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Join Justin Seeley as he reveals how designers can create vibrant web graphics, wireframes, and complete web site mockups in Adobe Photoshop. The course covers creating a custom web workspace for maximum efficiency; drawing, coloring, and optimizing web graphics; creating vector shapes and text that scale seamlessly; mastering transparency; building navigation bars and buttons; and speeding up these tasks with the Photoshop automation tools.
When you're dealing with web typography, there are certain restrictions that you have to abide by. In this movie we'll be exploring the web-safe fonts and some ways that you can get around those restrictions to add more rich typography to your layouts. The problem that we face as designers is that many computers, operating systems, and mobile platforms ship with different browsers and different font sets by default. This means that not everyone has every font installed on their computer, and thus our choices become rather limited when creating our web design projects.
Web-safe fonts by definition are fonts that are generally installed on most computers and operating systems, and are considered to be "safe" for use in our designs. We have three basic categories of web-safe fonts; they are serif, sans serif, and monospaced. The serif family includes the Georgia typeface, Palatino Linotype, and Times New Roman, while sans serif contains Arial, Helvetica, Lucida Grande, Verdana. And the monospace family contains Courier New and Lucida Console.
Now, there are some other fonts that fit into these families that might be on other computers. These are just the basic ones that I've outlined here that are generally installed on most computers. All of these fonts can be used in your design without much problems, and they should translate just fine when they're converted over to HTML and CSS later on. If you're dead set on using some wild-and- crazy font in your design, you might consider taking a look at a service like Google Web Fonts or Adobe's Typekit. Typekit was purchased by Adobe in 2011, and it's one of the most popular web font services out there today.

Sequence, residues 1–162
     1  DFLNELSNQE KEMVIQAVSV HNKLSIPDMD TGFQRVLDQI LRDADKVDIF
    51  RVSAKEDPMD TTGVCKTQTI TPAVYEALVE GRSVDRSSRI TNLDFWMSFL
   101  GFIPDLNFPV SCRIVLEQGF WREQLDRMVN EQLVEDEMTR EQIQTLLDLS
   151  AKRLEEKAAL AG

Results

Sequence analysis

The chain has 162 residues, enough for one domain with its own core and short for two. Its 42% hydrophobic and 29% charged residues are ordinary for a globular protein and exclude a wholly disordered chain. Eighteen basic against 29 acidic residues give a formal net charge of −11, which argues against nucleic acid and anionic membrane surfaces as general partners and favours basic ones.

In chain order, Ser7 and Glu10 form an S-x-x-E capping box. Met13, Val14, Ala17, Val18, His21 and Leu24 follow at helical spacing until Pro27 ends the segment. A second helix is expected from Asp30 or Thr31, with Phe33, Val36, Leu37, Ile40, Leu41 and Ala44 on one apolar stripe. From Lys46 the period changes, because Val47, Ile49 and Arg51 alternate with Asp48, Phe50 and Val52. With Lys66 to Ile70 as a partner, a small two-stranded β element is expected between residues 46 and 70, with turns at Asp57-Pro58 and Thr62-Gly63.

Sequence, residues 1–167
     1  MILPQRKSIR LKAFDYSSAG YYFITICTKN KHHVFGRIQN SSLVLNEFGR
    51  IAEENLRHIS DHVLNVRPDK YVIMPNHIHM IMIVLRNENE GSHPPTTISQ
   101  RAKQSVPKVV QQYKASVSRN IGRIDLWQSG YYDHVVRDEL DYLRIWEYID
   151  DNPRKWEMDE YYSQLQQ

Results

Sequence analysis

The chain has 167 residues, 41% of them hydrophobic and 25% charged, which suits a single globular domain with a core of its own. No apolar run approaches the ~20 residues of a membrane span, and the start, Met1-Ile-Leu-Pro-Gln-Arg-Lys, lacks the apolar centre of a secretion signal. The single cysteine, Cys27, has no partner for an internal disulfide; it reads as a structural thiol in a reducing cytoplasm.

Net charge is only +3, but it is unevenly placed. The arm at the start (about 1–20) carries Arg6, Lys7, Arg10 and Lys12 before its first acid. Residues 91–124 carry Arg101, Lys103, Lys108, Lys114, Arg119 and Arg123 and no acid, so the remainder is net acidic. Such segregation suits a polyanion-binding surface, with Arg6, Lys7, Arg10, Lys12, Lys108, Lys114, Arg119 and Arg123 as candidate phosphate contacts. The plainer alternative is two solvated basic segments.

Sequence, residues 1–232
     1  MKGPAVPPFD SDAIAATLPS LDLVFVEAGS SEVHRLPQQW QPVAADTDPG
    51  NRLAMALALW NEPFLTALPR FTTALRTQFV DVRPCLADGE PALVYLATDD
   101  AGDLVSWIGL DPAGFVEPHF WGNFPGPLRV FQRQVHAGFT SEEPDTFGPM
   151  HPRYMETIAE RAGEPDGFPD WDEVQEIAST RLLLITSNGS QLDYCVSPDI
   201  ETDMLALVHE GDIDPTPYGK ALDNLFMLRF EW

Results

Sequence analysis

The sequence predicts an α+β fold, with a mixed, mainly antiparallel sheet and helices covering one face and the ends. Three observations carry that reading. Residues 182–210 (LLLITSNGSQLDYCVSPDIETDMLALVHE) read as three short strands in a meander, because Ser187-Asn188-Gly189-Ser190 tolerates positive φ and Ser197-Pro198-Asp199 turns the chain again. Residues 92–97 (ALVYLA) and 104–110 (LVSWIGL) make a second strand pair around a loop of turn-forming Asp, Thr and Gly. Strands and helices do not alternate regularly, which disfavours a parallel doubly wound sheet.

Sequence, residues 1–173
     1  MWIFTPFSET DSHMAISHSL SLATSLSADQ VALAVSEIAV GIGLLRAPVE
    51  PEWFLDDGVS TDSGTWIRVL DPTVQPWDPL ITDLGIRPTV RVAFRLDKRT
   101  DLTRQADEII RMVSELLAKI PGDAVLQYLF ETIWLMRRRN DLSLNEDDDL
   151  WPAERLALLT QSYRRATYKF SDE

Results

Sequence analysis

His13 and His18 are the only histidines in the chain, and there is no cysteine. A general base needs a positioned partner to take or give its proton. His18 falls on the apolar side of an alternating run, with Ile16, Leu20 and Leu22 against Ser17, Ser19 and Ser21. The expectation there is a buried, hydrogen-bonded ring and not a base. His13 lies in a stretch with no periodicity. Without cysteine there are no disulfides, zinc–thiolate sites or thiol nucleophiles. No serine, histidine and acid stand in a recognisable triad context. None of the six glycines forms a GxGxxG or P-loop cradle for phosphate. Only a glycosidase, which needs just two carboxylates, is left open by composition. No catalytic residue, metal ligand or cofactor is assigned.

Typekit allows you to use their entire library fonts on your web site by injecting small bits of code that they provide you. Many of the fonts that ship with the Creative Suite are available as Typekit web fonts, which makes it really handy. Google Web Fonts is a nice free alternative to Typekit, and it's continually growing in popularity and inventory as well. Much like Typekit, Google Web Fonts allows you to use alternative font families on your site by injecting small bits of code into your web designs. One of my favorite things about Google Web Fonts, though, is the fact that you can download the fonts that they show you here to your computer and use them in Photoshop or Illustrator or whatever program you might be doing your designs in.
That makes it my top choice in this arena. If you'd like more information about Typekit or Google Web Fonts, be sure to check out James Williamson's courses on lynda.com entitled Up and Running with Typekit and Web Fonts First Look. Hopefully by now you have a better understanding of what fonts are "safe" to use on the web, and also how you can get around those restrictions should the need arise.
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